WASHINGTON, July 2 (UPI) -- U.S. Supreme Court justices overlooked the new military justice code when they declared there were few precedents for executing child rapists, observers say.
The high court ruled last week that implementing the death penalty for those convicted of raping a child was unconstitutional, partly because the federal law had no provisions for it, nor did the vast majority of U.S. states that allow capital punishment. Nowhere in the evidence considered by the court, however, was there a mention that such a provision is included in revisions to the Uniform Code of Military Justice, The New York Times reported Wednesday.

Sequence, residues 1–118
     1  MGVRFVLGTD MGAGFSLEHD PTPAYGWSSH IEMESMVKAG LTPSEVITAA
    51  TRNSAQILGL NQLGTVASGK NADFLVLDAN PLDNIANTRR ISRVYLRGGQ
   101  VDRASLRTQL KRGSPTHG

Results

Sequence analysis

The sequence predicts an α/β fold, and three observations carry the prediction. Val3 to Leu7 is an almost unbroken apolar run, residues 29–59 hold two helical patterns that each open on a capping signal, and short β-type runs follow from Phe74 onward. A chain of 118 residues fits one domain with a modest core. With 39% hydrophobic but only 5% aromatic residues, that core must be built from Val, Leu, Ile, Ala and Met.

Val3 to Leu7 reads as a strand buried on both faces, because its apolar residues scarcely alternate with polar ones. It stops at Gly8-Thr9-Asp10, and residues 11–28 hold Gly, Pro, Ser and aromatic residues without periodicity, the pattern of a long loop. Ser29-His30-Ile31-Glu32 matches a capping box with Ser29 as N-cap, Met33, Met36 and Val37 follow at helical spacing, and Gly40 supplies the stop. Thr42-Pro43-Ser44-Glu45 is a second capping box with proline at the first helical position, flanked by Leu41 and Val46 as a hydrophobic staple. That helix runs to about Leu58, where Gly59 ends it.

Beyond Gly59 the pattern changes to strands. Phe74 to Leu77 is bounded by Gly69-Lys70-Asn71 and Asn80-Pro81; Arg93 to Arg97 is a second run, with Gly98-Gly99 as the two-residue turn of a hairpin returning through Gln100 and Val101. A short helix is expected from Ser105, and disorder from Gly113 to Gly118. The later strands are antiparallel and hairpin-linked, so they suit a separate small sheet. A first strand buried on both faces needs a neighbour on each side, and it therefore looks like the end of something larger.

The fact was disclosed over the weekend on a military blog written by Dwight Sullivan, a civilian defense lawyer handling death penalty appeals. Sullivan told the Times he was reading the Supreme Court's decision on a plane and was surprised to see no mention of the military statute.
Lawyers for the accused child rapist said they weren't aware of the military provision and the Justice Department had no comment. R. Ted Cruz, who argued the case in support of the death penalty, told the Times the chances the court would reconsider the decision were "extremely unlikely," even if the omission was pointed out.